Board Games That Secretly Educate

April sure was a wet one! If you were anything like me, you were looking for ideas for yet another day indoors. We played a LOT of board games in April. 

That got me thinking about the games we played when these teens were younger. Not only is playing games fun but there is also a lot of great learning involved when you gather together for family game time.

Here are a few of my favorites, which are fun for parents, fun for kids, and a sneaky way to build on language, numeracy, geography skills, and more.

Bingo

Bingo is a great option for everyone. As soon as your preschooler is recognizing numbers and letters they can manage their own board. At our house, we invite early learners to help with calling out the numbers, giving them practice in identifying the letters and numbers. In addition to letter and number recognition, Bingo offers practice in fine motor skills and sequencing. 

Racko

Another great game for number recognition, Racko takes it up a notch and requires players to practice their counting skills. Kids who are skip-counting at school will love this game, where the goal is to be the first one to exchange randomly dealt cards for ones that create a rack that goes from lowest to highest. Players will work with numbers from 1 to 60 and practice waiting for their turn.

Uno

Uno is a great game for early learners, helping them practice color matching, number matching, and taking turns. If your players are really young, teaming up with an adult can keep the game fun for everyone. The adult on the team can help read the action cards while letting the child choose the cards to play when it is their turn.

Carcasonne

At first glance, this may not seem like a game suited for preschoolers, but our family has loved this game from the time my youngest was four years old. When they were younger we eliminated the scoring and competition, instead working cooperatively to build long roads and big cities. (I can’t take credit for this strategy. It evolved naturally out of my son’s natural inclination to help others. But it is a great way to play with preschoolers.)  The game is great for practicing pattern matching, as you must match the features on each side of your tile that connects to another tile. As the kids get older you can add more complexity, eventually adding actual scoring and strategy.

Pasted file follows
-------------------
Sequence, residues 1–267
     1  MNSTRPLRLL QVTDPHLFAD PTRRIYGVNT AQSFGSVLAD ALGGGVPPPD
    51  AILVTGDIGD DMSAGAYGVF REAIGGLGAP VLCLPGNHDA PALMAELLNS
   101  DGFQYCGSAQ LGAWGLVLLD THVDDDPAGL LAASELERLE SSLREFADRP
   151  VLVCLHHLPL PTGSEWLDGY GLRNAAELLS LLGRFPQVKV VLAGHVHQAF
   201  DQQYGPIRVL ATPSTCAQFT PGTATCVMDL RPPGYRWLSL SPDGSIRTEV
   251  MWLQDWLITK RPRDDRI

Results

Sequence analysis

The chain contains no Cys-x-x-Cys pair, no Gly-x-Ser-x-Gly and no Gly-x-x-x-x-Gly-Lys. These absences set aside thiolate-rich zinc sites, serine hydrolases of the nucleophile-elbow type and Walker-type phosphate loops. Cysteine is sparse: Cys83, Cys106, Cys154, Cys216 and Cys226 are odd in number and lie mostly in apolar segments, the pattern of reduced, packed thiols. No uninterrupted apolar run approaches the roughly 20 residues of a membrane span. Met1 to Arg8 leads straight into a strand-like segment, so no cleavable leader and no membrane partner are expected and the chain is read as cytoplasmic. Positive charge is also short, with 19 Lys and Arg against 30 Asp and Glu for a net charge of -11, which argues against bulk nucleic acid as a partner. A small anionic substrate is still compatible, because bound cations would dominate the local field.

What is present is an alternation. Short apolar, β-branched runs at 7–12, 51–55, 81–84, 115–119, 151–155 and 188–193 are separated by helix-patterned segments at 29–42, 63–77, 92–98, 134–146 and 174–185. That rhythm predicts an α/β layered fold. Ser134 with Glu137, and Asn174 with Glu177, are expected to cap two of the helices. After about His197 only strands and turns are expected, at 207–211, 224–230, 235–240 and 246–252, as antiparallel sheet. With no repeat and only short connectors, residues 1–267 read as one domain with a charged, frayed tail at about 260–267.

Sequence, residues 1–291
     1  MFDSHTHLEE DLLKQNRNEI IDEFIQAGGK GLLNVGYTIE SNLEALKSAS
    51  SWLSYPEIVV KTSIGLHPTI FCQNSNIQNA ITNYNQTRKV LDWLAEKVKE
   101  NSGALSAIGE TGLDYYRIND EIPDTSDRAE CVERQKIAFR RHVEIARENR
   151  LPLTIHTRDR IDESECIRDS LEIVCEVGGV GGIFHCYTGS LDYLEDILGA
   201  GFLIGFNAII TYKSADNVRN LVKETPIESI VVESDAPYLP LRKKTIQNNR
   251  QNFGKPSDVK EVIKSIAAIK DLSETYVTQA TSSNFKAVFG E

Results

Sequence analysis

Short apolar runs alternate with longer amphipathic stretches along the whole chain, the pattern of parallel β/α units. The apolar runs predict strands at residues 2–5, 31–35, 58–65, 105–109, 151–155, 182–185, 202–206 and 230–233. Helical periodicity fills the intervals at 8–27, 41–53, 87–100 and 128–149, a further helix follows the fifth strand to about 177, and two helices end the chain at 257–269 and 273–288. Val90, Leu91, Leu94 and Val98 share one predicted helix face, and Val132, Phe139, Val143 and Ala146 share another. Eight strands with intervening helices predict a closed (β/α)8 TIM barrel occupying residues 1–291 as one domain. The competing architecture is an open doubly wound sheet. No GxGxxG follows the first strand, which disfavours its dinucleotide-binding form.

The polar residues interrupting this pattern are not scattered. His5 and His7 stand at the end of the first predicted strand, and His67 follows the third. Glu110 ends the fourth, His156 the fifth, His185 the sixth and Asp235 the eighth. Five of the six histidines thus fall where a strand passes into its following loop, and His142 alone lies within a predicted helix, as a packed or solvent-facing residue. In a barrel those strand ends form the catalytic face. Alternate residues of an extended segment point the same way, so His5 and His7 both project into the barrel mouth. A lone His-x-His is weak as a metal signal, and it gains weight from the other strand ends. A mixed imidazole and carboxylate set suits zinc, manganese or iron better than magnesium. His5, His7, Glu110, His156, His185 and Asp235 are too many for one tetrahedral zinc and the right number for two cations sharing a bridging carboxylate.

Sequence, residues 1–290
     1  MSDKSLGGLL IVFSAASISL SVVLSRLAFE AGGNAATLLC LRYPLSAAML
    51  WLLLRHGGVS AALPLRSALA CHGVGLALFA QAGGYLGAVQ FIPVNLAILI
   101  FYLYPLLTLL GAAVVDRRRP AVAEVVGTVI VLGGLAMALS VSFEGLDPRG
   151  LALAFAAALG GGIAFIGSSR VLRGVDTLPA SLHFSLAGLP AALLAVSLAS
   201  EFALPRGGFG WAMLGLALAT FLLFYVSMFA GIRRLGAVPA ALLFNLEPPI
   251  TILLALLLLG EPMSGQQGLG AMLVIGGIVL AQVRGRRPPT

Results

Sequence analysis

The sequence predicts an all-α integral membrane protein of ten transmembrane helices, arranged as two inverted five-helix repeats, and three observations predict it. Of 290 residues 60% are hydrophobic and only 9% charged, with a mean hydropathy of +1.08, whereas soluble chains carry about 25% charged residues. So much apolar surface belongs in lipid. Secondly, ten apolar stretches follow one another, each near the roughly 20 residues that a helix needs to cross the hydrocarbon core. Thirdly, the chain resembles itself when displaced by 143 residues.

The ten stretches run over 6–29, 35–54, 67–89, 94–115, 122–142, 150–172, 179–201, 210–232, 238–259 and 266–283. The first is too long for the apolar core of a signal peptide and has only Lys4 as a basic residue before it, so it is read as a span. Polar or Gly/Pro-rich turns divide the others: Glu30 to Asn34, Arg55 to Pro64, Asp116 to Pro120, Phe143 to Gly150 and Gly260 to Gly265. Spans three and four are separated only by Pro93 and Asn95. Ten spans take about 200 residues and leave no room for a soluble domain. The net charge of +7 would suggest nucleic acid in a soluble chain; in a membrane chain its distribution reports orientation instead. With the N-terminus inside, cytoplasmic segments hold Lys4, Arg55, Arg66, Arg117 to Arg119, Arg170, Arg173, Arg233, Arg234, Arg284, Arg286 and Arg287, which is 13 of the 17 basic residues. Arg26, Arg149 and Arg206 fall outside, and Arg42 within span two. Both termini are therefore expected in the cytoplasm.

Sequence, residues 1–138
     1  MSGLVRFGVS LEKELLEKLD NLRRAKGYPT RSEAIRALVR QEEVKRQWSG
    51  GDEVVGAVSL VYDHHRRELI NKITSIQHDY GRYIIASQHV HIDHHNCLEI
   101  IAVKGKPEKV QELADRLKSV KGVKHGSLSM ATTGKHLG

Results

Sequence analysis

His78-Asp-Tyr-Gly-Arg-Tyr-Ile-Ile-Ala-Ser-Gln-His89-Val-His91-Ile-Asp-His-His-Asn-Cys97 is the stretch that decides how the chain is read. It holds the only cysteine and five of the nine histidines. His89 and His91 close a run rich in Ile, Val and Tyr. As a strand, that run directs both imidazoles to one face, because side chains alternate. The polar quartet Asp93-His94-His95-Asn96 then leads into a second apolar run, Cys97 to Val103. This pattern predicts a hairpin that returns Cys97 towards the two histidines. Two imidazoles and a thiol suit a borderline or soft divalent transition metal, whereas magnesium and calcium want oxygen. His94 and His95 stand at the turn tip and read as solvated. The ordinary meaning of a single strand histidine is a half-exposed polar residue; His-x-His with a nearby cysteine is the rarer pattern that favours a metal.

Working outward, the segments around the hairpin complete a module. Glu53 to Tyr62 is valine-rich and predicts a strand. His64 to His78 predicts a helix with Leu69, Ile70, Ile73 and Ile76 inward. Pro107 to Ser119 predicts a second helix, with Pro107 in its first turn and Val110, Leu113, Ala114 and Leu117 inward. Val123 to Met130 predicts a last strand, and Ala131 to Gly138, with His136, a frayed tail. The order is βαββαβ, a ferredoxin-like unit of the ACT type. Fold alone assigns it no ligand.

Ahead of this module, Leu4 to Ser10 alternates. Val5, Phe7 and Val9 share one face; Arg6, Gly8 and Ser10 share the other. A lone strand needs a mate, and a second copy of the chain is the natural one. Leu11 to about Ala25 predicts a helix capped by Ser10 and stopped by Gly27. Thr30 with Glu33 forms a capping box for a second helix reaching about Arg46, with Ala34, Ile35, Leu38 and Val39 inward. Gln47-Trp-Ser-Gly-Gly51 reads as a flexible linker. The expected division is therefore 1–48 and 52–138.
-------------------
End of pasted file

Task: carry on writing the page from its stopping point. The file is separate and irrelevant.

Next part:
Ticket to Ride

Ticket to Ride takes the learning up a level, offering actual geography and language lessons. There are a number of different versions available, which provide lots of opportunities to spend time with maps and inadvertently learn the names of cities and harbors around the world. We had so much fun introducing some Japanese exchange students to Ticket to Ride that we sent our United States version home with them. These days we primarily play the Rails and Sails version, which is a world map and involves boats as well as trains. Like many of the best games, Ticket to Ride can grow with your family. Start with a simplified version for younger children and expand in complexity as they mature.

Power Grid

This one is definitely for kids who have reached double digits. It took us a long time to learn how to play, but once we figured it out, we discovered that this is a game that teaches not just gameplay and strategy, but also energy economics. Played on a board with a number of different cities represented, the object is to build and power the most cities. To do so, you must bid on power plants and acquire the raw materials to power your plants. As the game goes on, the value of the raw materials (and the power plants) shifts, creating the need to balance expansion with power plant upgrades. It took us a while to learn it well enough to enjoy it, but it was worth the effort.

How about you?

Does your family have a favorite game? Share with us in the comments below!